Welcome

We are mum and dad to 2 lovely daughters, one of whom happens to have Down (or Down’s) Syndrome, (named after Dr John Langdon Down, who first described the medical condition).  You will also see Down Syndrome referred to as Trisomy 21 and abbreviated in medical notes as 3*21, hence our web address.

Our reason for creating this site is to add to the growing network of similar websites, blogs, social media sites and voices of people who want to project a more modern view of what it is like to have Down Syndrome today.  I know how outdated and misinformed my own perception was – I can only give myself the excuse that I grew up without any experience of anyone with a different skin colour, let alone ‘a disability!’  Thankfully, over the past 20 years or so things have changed for the better – think how different YOUR life would have been if you were institutionalised, segregated, refused basic healthcare and education?  Thankfully, these are a thing of the past, so that people born with DS are now living fulfilled, ordinary and extraordinary lives!  Also, just as importantly, thanks to integration, the next generation are growing up all together – a melting pot of mixed races, mixed religions, mixed abilities/ disabilities, which breeds a new culture of understanding and acceptance, rather than fear and suspicion.

I personally think the future is bright…..but we still have remaining negative stereotypes to right…..I believe that it is this ignorance, more than anything else, that leads to the current statistic of only ~6% of babies with DS making it into this world (read: Abortion on The Grounds of Disability and Nuchal Fold Scan on this site).

I hope that this site might be useful to a new parent of a child with DS or perhaps someone who has had a recent diagnosis, who is looking for information, support, guidance, a real-life viewpoint.  I was ignorant and afraid when my unborn child was diagnosed with the condition at 12 weeks pregnant.  I’m glad to say that in the 9 years she has been here, she has educated me and well and truly put me right!  I am certain she will live life to the full, achieve great things and be happy, and perhaps most importantly, under her own steam.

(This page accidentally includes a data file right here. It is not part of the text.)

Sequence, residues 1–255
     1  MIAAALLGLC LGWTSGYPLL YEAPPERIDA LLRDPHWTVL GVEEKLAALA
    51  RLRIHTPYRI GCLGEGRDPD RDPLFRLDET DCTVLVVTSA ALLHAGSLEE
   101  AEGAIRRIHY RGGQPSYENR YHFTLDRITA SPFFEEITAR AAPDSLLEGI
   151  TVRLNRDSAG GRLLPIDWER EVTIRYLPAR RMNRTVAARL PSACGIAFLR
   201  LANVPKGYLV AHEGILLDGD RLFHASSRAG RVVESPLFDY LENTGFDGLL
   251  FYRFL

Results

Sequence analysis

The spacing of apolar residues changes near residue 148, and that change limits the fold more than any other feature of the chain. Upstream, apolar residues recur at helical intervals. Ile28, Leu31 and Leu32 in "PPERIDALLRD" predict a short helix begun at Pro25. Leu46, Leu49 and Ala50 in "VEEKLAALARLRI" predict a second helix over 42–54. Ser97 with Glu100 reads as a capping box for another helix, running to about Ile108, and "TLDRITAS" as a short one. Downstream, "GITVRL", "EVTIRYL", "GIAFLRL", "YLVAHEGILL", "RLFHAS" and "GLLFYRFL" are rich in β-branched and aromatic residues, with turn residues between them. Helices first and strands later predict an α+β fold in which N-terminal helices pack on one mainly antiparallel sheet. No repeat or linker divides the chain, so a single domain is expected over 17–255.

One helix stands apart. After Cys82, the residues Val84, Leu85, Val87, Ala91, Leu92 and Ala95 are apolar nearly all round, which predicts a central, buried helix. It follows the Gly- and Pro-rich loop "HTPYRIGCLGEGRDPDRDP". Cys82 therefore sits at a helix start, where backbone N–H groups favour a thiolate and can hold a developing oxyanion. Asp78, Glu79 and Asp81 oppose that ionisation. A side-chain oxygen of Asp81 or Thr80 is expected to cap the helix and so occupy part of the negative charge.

Why “we ‘suffer’ from Up Syndrome”? We often see mainstream media referring to people ‘suffering’ from Down Syndrome.  This is very misleading, suggests that you should feel sympathy for the person, places them in a negative and inferior position and is rather patronising!  Of more concern, is the subtle and dangerous message that you might be doing them a favour if you prevented that ‘suffering’ in the first place…..For a much more succinct discussion of societies hang-ups, read “The Politics of Down Syndrome” by Kieron Smith by Zero Books (summary on the Soapbox page here).

But in short, that extra chromosome is just something some have been born with, like the colour of their skin/hair/eyes, it is not something they ‘suffer from.’  Yes, there are medical issues that are more common for people with DS, but these are not a given.  Most can be treated with modern medical technology, just as for anyone else.  We have flipped the name of the syndrome on its head, because for our family, we feel ‘Up’ not ‘Down’!

If you have any questions, please get in touch. Email: info[at]3star21[dot]co[dot]uk. If you wish to read all the latest updates here, please register – button at top right of this page.